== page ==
Comment: Forum Physics World  February 2017
(iStockphoto / russssia)

Figuring out a handshake

How can we fix the replication crisis in science? Bruce Knuteson offers a solution

In April 2008 I moved from the physics faculty at the Massachusetts Institute of Technology to a hedge fund in Manhattan with a box-seat view of the Great Recession. My 23rd-floor corner office near Times Square offered a full view of Lehman Brothers’ headquarters a few blocks away. The investment bank Bear Stearns had imploded a month before I arrived. Lehman Brothers collapsed in the cityscape through the window behind my monitor. A former treasury secretary occupied the office adjacent to mine. I had left the arcane world of particle physics for a world-class education on incentives in finance.

Throughout the financial sector, people get paid to take bets with other peoples’ money. Such gamblers stand to make a lot if they are right. But they stand to lose comparatively little if they are wrong. And investors lack the information needed to properly police those gambling on their behalf. This is all you need to know to confidently predict an unending series of financial crises that will call into question wealth you mistakenly think you have. Such a system inevitably self-organizes into a common bet. (Large markets in which nearly everyone is naturally on the same side – such as stock and real-estate markets – are particularly convenient for this purpose.) The common bet allows the gamblers to cash in for a few years, and provides them with herd protection when things fall apart.

Heads win big…

Halting financial crises therefore requires the elimination of such “heads win big, tails lose little” incentives. Any other purported fix is a joke. Regulation can push the problem around, but it cannot possibly fix an incentive system with such a deep structural flaw. The person managing your money gets paid well if they turn out to be right; they do not lose much if they eventually turn out to be wrong; and in the meantime that person collects a salary. Even if they know nothing, such a person has an incentive to place bets, an incentive to convince you they know something, and an incentive to genuinely convince themselves they know something. The last of these provides useful protection against any future charges of fraud.

How does any of this relate to science? Well, academics are incentivized to publish papers. The rewards are clear and present: publications and citations lead to grants, promotions and scholarly accolades. Penalties for being wrong are often comparatively fuzzy and distant. The scientist reaps rewards if they turn out to be right; they often do not lose much if they eventually turn out to be wrong; and in the meantime that person collects a salary. Even if they know nothing, such a person has an incentive to publish papers, an incentive to convince you they know something, and an incentive to genuinely convince themselves they know something. The last of these provides useful protection against any future charges of fraud.

This is all you need to know to confidently predict an ongoing replication crisis in academic science that calls into question “wealth” you mistakenly think you have: useful, accurate knowledge about how nature works. Halting the crisis requires a fundamental change to the underlying incentive. Any other purported fix is a joke. Regulation – in the form of peer review, transparency requirements and so on – can push the problem around, but it cannot possibly fix an incentive system with such a deep structural flaw.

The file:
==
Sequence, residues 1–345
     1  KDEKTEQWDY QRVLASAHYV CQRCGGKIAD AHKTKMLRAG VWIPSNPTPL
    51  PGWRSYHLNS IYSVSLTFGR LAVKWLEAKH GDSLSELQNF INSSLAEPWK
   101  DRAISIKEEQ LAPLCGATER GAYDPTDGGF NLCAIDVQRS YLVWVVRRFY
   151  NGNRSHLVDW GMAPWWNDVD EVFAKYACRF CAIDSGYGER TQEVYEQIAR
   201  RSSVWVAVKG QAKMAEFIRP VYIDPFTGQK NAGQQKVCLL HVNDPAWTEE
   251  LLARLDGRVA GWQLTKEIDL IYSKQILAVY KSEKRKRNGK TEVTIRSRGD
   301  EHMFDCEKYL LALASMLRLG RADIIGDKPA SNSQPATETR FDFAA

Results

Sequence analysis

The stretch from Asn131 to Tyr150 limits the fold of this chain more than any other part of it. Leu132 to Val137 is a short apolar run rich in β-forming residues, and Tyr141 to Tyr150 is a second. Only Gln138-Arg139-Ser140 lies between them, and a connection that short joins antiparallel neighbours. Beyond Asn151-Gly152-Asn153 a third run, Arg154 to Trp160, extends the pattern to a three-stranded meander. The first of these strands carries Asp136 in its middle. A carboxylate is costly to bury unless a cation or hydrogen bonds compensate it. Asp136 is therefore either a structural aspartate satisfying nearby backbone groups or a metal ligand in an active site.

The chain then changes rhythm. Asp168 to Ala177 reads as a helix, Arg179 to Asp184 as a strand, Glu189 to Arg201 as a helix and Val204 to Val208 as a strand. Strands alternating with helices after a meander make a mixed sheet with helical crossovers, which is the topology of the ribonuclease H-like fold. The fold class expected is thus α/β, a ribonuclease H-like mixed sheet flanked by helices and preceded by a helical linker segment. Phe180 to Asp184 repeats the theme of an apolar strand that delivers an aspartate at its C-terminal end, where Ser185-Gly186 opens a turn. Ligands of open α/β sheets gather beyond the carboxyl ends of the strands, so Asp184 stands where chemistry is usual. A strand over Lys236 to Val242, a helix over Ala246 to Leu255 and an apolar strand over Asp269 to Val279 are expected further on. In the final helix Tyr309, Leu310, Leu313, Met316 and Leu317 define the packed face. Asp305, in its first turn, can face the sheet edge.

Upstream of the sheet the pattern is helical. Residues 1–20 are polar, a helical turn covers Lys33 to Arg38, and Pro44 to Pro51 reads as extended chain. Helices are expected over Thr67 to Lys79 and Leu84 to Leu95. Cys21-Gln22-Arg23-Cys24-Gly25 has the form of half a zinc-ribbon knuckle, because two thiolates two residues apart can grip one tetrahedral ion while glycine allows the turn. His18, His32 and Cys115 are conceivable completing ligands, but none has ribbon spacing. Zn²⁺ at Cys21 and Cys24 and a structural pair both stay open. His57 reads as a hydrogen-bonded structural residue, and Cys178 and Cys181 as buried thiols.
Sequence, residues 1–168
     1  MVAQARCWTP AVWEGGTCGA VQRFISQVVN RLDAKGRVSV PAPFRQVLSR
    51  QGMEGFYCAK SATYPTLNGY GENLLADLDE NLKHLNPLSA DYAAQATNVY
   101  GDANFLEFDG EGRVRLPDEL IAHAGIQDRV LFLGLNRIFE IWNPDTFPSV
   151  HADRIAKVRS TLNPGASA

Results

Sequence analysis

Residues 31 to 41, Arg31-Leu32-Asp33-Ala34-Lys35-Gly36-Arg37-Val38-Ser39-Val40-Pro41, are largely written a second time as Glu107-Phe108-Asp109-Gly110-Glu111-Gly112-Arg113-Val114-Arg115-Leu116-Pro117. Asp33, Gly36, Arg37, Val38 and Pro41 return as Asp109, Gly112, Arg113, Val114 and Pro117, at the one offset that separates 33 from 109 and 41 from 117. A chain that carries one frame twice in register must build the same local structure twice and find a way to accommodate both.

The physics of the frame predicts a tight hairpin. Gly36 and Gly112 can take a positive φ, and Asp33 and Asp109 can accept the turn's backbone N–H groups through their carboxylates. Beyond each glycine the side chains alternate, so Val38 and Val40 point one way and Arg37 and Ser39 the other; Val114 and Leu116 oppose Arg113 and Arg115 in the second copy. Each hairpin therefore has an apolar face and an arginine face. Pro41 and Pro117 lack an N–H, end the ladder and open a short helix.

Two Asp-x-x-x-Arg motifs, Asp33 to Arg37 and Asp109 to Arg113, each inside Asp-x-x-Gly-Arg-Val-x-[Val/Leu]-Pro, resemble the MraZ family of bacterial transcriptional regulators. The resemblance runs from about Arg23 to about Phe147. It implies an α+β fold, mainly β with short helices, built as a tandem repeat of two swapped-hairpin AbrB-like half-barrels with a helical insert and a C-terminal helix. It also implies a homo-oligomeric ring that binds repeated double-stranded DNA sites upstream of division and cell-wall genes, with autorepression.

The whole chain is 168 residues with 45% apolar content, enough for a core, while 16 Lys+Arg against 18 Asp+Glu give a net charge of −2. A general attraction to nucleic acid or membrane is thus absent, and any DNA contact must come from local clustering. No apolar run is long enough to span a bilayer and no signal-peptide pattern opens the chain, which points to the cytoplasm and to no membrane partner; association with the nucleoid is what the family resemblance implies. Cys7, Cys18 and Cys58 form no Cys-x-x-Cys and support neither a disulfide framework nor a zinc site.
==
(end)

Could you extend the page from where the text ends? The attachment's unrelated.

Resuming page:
This is uncomfortable to acknowledge. Most of us strongly prefer to assume people do the right thing, whatever their incentives. We prefer to think incentives do not matter, or at least do not matter much. In the financial sector, someone will eventually develop a compelling alternative to “heads win big, tails lose little” incentives. I do not know what that alternative will be, but it will probably be simple. It will involve material loss for those who turn out to be wrong. It will provide a welcome alternative for those of us who prefer to invest with people subject to carrots and sticks aligned with our interests.

Why do scientists not simply sell what they learn from their research?

In the case of science, the appropriate alternative occurred to me a couple of years ago, as I found myself wondering why scientists do not simply sell what they learn from their research. Selling information is tricky. If academic A wants to sell information to quant Q, A needs to convince Q that the information is useful (to Q) and accurate before revealing the information. This is usually hard to do, which is why scientists do not sell what they learn. It is not for lack of desire or potential customers – these are consequences, not causes. Instead, it is because there is no mechanism for doing so.

An overcomplicated system has expanded in the resulting vacuum: dissemination through journals; quality control through peer review; funding by taxpayers rather than directly by consumers; assessment of value by citation counts. This system cumbersomely and ineffectively compensates for an extraordinary historical oversight: nobody, apparently, had ever bothered to figure out some sort of handshake allowing A to sell information to Q.

After figuring out the necessary handshake, I built Kn-X (pronounced like the word “connects”), an online knowledge exchange through which A can finally sell information to Q. Kn-X is simple. It involves material loss for those who turn out to be wrong. It provides a welcome alternative for those of us who prefer to base important decisions on information from people subject to carrots and sticks aligned with our interests. It might even address a crisis or two.

www.kn-x.com